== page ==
The BBC on Monday reviewed a report from media analysts Screen Digest which concludes that technological advances in the gaming market are breaking companies’ backs financially.
Several strategies to counter the significantly higher investments in game development are being tried: Microsoft is making deals for game exclusivity to expand their market, while Sony has expanded their own in-house development team, and Nintendo has been targeting a diverse market with their games. In addition, more games are either based on popular films, or on previously successful games. While game sites have been discussing whether “episodic play” is attractive, game producers are looking for ways to reduce engineering costs and these games fit the bill.
As Mark Friedler in Game Daily notes, with rising costs of game software creation driving prices up, the companies’ profit strategy based on number of units sold is going to be dampened. He thinks that counting shrink-wrapped packages sold to consumers is outdated, and also notes that the market has changed significantly since the last round of major gaming unit releases a number of years ago.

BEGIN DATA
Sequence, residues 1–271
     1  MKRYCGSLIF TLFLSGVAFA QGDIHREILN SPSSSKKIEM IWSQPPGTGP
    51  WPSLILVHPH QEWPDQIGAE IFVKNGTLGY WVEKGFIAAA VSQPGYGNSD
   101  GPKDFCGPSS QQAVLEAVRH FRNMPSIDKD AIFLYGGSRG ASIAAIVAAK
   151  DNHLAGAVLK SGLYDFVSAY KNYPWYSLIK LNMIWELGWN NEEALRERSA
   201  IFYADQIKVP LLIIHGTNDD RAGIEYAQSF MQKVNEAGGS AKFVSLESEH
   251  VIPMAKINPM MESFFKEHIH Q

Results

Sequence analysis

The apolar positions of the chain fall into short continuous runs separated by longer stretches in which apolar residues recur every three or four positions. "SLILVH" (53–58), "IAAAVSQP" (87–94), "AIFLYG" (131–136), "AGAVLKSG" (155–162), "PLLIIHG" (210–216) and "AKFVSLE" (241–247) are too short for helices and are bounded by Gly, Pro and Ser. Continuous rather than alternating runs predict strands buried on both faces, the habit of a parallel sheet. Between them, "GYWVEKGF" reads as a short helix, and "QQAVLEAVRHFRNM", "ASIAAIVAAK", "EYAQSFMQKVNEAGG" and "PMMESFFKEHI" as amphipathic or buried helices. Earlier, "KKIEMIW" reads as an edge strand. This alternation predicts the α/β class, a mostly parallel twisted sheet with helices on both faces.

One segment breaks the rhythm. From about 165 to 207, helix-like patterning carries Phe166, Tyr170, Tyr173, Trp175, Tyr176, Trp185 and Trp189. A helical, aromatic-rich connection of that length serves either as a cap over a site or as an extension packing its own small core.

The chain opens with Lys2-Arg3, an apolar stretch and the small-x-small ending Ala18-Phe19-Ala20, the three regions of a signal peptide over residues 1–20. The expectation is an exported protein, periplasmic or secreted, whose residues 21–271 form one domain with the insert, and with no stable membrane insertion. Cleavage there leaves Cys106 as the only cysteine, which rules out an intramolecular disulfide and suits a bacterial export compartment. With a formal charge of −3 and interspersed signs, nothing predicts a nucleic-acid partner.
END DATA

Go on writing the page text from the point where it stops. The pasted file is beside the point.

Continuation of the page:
In the current market, he notes, the target demographic for games is approximately 15-34, and those consumers have a lot more media vying for their attention these days. There are iPods, websites such as Myspace which he notes had a tenfold year to year increase in users, various Internet media and online gaming as many users have moved to broadband, and the whole realm of television-based entertainment as well. In other words, games aren’t just competing against games anymore.
Friedler thinks that game producers need to think about their games as media, and compete for “timeshare,” the amount of attention their games are getting. It’s a more complex model, and harder to measure. Nevertheless, as the market gets riskier for the companies involved, he notes, the level of creativity involved in game production will normally drop, but those “sure thing” games might not get the play that more innovative products would. He notes the irony that the major factor driving this risk avoidance will be the advances in technology in the new units, and the costs they drive in the games.
There’s also the question of the audience for games. In order to grow the number of consumers buying expensive gaming units and games, Nintendo has been offering a broader spectrum of games, and Microsoft’s “Live Arcade” has been drawing consumers, he notes.
With new markets such as casual games for women opening new possibilities, Friedler believes that there is an entirely new business model for the gaming market, that producing, marketing and shipping product and “hoping for the best” is no longer viable. As game producers and manufacturers work to produce new and exciting games, their financial and marketing arms are going to have to work just as hard to explore and adapt to the new face of the market.